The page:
Apps are often expensive to create and not everyone has a smartphone. So they should supplement museum’s current practices, not replace them.

It will be interesting to see how this situation progresses as the technology continues to advance.

 

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5 thoughts on “Apps: The Future for Museums?

  1. Thanks for your post, Anna.

    I absolutely enjoyed your flashbacks to Y2K, Google Earth, and other advances in technology. I particularly appreciated your How I Met Your Mother Image.

    What I found particularly intriguing about your post is that I remember all of these events. And when your post caused me to reflect on those events I remember where I was and what I was doing, etc. I think this goes to show how history, especially digital history, has a clear connection to the past in terms of place and location. I think that Apps such as the ones you discussed enable visitors to tap into that connection to place, time, and location. If institutions further their use of Apps like these, I think they will be able to reach broader audiences and maintain the public’s connection to the past in terms of place, time, and location.

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    • You definitely got what I was going for here! When I was thinking about apps and how much we rely on our phones, it made me think about how far we’ve come technologically and how much further we can still go. I always understood apps to be somewhat expensive and difficult to produce, but maybe that’s changed. Wouldn’t it be great if there could be an Omeka-like system for apps? Something cheap, standardized, and easy to use? Maybe it already exists, but if not, it could really help out those smaller institutions to reach larger audiences.

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  2. Thanks for a great post, Anna! I especially appreciate your note at the end about how mobile apps allow the public to engage with history in an instant. They don’t have to make decision to go to a museum, or even be in front of a computer, history is literally just a few moments away. I find that, armed with my smartphone, there is almost no reason to let something go unknown anymore – if there is a question I need answered, I can find it. It seems like the real question for historians is not necessarily whether they should go mobile, but how they can ensure that mobile content reaches the public. How can we publicize these tools to make sure they are accessible, that they become a viable alternative to pulling up a Wikipedia page? There seems to be an element of PR here, too.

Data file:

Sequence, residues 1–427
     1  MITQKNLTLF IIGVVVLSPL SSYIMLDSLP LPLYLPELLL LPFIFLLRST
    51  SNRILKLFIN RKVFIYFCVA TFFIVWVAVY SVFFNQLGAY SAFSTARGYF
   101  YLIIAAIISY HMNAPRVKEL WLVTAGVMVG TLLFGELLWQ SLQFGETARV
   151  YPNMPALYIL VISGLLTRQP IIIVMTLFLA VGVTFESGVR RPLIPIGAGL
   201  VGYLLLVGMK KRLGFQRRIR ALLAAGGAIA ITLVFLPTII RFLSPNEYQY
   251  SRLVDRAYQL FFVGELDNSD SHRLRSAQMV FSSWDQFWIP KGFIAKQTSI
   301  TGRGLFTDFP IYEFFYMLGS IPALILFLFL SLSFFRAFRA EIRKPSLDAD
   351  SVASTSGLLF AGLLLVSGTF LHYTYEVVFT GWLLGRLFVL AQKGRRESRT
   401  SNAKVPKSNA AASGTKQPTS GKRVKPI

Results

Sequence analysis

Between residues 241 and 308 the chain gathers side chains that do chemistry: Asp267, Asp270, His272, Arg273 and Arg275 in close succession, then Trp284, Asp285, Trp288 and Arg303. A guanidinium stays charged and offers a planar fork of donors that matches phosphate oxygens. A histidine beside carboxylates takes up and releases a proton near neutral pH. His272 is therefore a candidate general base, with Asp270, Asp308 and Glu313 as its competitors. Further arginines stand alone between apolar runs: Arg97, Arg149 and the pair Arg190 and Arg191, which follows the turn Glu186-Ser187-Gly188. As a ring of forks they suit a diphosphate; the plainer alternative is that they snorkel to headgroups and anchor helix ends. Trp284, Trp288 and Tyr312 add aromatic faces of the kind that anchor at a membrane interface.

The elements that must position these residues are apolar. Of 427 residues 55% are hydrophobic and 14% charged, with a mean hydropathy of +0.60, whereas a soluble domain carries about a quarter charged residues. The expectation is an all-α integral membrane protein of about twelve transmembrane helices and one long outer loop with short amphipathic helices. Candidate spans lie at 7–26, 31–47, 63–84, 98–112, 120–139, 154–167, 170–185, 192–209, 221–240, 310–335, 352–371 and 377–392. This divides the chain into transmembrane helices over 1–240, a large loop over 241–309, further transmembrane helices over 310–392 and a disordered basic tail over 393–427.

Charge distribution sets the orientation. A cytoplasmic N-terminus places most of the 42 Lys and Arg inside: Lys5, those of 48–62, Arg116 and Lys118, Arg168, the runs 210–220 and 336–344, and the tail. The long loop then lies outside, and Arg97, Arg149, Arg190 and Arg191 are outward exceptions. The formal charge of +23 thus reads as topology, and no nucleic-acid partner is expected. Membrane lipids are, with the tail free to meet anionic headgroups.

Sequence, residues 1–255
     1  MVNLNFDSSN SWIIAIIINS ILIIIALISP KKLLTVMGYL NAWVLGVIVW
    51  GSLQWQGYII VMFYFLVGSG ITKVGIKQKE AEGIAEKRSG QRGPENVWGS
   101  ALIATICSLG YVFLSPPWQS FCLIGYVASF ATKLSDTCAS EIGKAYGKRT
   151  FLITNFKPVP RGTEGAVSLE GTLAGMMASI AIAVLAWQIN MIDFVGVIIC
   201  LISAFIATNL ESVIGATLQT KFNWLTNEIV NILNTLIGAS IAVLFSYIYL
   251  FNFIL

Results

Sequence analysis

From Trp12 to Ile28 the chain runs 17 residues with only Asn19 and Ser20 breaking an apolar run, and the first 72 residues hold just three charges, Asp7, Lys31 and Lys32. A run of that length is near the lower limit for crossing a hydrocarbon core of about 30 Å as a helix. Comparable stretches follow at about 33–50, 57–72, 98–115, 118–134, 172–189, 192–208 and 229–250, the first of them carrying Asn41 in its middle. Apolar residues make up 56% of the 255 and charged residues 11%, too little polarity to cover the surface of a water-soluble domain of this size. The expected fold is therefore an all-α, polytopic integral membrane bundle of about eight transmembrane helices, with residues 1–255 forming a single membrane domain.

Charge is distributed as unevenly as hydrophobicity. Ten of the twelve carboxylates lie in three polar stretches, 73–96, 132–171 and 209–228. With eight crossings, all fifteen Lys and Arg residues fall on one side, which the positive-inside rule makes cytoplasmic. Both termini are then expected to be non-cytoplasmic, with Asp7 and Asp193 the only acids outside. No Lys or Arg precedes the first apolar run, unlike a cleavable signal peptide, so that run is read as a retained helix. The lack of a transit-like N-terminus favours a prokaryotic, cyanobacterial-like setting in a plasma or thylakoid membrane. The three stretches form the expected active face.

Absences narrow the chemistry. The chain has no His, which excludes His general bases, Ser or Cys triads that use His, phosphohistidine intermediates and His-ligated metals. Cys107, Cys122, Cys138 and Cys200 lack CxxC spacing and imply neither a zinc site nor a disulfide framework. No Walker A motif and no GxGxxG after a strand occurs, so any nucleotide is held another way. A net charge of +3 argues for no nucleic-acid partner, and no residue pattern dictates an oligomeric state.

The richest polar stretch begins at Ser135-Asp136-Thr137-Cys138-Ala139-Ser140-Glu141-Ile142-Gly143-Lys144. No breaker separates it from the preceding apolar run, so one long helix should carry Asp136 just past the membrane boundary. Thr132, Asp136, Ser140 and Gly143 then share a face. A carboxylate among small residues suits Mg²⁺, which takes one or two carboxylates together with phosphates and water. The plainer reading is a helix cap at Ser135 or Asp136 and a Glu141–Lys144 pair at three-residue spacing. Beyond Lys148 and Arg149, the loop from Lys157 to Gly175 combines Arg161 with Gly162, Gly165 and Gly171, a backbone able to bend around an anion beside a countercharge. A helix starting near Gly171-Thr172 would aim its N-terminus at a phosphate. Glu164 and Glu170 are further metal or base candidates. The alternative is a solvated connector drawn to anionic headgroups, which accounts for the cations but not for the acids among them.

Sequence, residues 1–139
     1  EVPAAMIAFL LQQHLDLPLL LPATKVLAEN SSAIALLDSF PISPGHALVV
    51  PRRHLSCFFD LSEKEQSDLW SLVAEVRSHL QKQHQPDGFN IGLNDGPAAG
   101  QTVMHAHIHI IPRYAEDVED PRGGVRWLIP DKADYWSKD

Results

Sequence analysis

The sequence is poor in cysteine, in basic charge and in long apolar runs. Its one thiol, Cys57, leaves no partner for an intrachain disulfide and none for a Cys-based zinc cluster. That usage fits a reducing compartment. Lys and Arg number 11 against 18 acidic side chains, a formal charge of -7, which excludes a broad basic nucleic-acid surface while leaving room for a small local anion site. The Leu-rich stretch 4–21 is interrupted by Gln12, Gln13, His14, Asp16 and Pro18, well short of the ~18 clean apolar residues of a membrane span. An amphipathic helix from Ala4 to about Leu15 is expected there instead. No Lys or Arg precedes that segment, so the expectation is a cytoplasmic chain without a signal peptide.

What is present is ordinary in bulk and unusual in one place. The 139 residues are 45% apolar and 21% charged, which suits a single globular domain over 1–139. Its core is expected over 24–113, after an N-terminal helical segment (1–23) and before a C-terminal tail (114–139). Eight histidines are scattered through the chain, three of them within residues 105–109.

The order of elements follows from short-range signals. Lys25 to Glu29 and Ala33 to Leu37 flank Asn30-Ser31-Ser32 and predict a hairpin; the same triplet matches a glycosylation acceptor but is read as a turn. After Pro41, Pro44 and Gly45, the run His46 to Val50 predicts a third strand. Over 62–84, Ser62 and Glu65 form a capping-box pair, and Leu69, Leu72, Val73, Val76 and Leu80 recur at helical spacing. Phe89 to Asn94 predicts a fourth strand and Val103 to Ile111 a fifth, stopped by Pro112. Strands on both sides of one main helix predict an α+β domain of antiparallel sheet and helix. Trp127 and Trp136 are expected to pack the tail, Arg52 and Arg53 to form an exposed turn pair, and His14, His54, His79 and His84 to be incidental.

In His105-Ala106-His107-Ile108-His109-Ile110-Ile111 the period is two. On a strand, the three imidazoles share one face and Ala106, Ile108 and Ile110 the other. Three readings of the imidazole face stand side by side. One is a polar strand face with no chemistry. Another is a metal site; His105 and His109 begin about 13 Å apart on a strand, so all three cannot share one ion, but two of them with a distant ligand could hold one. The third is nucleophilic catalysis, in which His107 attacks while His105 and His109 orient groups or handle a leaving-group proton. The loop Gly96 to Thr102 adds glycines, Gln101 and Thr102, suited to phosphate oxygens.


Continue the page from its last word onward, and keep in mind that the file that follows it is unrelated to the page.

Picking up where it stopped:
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    • Thanks for the comment Jen. I completely agree with you about how much I rely on my phone. I am on Wikipedia and Google constantly and now thanks to this week’s class, I have some new apps to check out.

      You raise a good point about the PR element because museums really do need to find a way to market their products. I feel like that’s the common theme in this class: that museums are capable of producing high-quality digital media but they’re not as popular as they should be because people don’t know about them. Somehow, something about that needs to change.

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  3. Hey Anna!

    I really enjoyed your post. I liked at the end when you said people “can decide to give history.” I think phrasing it in that way, particularly using the word “give” gets at the issue of authority that you touched on earlier in the post. I think that if we were to all change our frame of mind and realize that everyone has something to contribute rather than just collaborating something we’ve done research on, then we can start to embrace the emotional side of history and hear it’s different perspectives.

    You show that apps certainly give us that potential and I hope in a few years down the line museums will all be using apps to enhance exhibits. Maybe then we can look back at a time when that wasn’t the case and see how silly it was just like how we view Y2K now.